- Historic Sites
The Genealogy Of Mass General
How a favorite local charity of Boston’s Brahmins—parochial and elite—grew into one of our great democratic medical institutions
October/november 1984 | Volume 35, Issue 6
That the city’s most thoroughly Brahmin institution (after Harvard) would pass over someone with Cabot’s name and qualifications to bring in a complete outsider—this was a remarkable, even a radical, turn of events. It was not quite as revolutionary, though, as rumor had it. Some of Boston society’s more parochial members thought Edsall was Jewish. What else could he be? His first name was David; he had supported Louis D. Brandeis’s appointment to the Supreme Court; and he was known to be a staunch Democrat.
Why had the hospital taken such a drastic step? The reason was, quite simply, that the people who supported and staffed it had always conceived of Mass General as an elite institution. But they feared the rest of the world would soon come to see their hospital as second-rate—a Brahmin backwater with some amusing traditions, but one that was making little contribution to the progress of modern medicine. It was not that the hospital had changed. What had changed was medicine itself.
Although Cabot had expected throughout most of his career that he would succeed to the top position in medicine, by 1912 even he declared himself eager to persuade the New Jersey doctor to come to Boston. His admiration for Edsall was based on that physician’s identification with the new style of medicine, one that fused modern laboratory investigation with an older tradition of pains-taking bedside diagnosis. Cabot had become so impressed with Edsall’s reputation over the years that he had declared himself “only too happy to serve under him.” And the move that originally had seemed so alarming to some turn-of-the-century Bostonians proved in the end to accomplish exactly what was intended. Under Edsall’s leadership, and with Cabot’s unstinting support, the Mass General staff succeeded in reshaping the hospital to meet new and changing standards. Today it is one of the world’s most famous medical institutions.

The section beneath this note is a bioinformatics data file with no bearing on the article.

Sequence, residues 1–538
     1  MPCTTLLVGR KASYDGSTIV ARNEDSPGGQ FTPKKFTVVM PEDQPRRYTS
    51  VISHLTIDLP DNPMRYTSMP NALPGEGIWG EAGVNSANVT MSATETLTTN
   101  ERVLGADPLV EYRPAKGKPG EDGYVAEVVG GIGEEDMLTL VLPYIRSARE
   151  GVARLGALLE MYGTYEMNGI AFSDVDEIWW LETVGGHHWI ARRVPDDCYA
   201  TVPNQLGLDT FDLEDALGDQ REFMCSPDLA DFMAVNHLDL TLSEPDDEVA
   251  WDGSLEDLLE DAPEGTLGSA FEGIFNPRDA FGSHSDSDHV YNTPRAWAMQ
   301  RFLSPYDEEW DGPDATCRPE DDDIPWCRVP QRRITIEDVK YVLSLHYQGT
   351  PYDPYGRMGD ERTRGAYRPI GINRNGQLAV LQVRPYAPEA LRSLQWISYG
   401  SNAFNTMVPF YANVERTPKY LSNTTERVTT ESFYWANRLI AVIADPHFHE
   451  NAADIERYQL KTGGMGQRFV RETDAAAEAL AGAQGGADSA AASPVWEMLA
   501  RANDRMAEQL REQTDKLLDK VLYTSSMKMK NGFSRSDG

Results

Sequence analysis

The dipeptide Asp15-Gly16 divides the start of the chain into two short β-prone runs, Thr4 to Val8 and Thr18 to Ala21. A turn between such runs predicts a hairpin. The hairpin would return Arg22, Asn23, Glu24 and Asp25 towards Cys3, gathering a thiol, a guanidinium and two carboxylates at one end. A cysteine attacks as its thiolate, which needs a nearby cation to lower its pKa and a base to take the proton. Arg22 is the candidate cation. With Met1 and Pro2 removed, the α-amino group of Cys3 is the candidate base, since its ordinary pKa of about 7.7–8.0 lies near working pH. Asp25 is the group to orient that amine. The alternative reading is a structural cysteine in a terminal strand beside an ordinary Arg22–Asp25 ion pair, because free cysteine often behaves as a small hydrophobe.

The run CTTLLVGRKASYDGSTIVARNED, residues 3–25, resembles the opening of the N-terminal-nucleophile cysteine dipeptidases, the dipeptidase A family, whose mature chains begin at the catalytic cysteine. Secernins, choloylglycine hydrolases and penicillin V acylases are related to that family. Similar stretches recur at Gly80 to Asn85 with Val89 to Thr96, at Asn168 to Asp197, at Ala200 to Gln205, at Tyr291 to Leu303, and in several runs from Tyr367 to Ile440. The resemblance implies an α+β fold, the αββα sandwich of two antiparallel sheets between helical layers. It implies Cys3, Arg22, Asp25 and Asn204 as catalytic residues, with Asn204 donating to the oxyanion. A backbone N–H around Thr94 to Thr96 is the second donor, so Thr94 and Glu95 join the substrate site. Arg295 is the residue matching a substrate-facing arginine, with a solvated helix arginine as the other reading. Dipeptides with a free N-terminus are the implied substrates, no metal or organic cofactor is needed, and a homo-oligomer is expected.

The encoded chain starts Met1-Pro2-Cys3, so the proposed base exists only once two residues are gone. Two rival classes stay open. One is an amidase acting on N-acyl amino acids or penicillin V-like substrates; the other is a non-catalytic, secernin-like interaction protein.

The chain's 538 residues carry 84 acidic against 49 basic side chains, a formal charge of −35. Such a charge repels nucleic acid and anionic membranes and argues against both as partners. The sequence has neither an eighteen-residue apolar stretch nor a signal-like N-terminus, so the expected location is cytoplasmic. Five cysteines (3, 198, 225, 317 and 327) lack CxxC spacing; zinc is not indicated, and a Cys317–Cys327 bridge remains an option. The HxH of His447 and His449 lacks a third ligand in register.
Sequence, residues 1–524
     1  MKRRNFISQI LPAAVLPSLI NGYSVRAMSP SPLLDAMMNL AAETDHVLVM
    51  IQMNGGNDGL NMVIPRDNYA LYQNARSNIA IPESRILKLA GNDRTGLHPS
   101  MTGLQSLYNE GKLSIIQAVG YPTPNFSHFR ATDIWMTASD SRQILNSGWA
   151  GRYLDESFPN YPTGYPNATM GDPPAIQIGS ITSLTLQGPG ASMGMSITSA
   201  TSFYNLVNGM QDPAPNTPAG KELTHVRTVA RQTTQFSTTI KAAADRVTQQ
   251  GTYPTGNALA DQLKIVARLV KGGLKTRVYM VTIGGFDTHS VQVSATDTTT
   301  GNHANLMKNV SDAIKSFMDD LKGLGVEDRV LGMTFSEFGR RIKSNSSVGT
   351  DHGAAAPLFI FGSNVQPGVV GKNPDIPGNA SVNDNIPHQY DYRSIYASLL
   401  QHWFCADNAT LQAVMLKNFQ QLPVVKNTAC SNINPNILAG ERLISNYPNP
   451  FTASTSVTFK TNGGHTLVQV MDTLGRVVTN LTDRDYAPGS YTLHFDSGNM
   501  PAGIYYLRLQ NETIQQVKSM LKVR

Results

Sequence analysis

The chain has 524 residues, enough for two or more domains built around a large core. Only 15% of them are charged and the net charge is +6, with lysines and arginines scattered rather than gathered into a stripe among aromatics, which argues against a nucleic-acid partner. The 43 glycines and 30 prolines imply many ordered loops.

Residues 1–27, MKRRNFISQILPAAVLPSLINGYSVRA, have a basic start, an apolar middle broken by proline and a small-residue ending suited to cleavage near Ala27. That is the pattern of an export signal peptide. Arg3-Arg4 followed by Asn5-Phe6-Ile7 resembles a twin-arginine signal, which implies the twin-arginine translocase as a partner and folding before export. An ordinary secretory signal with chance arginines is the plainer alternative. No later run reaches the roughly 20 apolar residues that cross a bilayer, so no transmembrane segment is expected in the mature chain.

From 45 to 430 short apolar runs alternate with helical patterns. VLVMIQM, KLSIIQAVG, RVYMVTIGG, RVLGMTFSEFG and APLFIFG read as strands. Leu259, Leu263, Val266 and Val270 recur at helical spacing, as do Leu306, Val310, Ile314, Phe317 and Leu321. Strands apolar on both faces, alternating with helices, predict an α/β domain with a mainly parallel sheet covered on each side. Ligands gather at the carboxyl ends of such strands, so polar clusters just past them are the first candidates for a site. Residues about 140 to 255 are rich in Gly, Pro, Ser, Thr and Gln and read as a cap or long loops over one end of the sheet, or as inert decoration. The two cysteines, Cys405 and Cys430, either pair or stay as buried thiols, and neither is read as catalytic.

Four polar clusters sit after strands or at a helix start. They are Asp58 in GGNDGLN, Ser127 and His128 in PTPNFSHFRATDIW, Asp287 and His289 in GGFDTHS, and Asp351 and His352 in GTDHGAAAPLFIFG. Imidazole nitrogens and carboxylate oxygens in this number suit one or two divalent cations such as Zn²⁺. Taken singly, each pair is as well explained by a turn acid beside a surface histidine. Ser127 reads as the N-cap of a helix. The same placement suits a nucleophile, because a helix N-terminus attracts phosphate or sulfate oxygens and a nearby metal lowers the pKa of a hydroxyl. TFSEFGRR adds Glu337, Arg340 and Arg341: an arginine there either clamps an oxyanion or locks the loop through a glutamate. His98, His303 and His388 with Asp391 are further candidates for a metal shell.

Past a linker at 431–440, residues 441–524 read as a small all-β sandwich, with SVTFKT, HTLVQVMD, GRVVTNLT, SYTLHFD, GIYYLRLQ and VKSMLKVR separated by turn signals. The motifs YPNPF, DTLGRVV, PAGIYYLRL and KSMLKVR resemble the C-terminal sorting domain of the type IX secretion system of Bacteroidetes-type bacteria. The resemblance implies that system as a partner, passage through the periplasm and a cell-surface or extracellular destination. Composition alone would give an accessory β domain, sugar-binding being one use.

Boston was late to establish a general hospital. Both Philadelphia and New York had them by 1800. Boston, despite its importance in the Revolution, had neither a large enough population nor a complex enough social structure to sustain one. The almshouse was the only establishment that served any of a general hospital’s functions. Dr. Josiah Bartlett, writing in 1817, gave this rosy description of medical care at the poorhouse: “The Boston Almshouse has a spacious, well constructed edifice, with kitchens, a well, and forty-six other apartments. It is governed by the Overseers of the Poor, and is conducted by a master with proper assistants. The average number of inhabitants, for the past two years, is about 359 [a year, presumably] of whom 139 are state paupers. The objects of admission are the meritorious poor, unfortunate females, vagrants (who are kept employed), and maniacs. The usual number of sick and infirm is about fifty.”
Another description, however, asserted that the “Almshouse in this metropolis does not pretend to cure ” and “all it possesses is accommodations for eight patients.” Also, its critics contended, “it must necessarily happen that in many instances the worst members of the community, the debauched and profligate, obtain admission into this house. Hence it has become, in some measure, disreputable to live in it; and, not unfrequently, those who are the most deserving objects of charity cannot be induced to enter it …”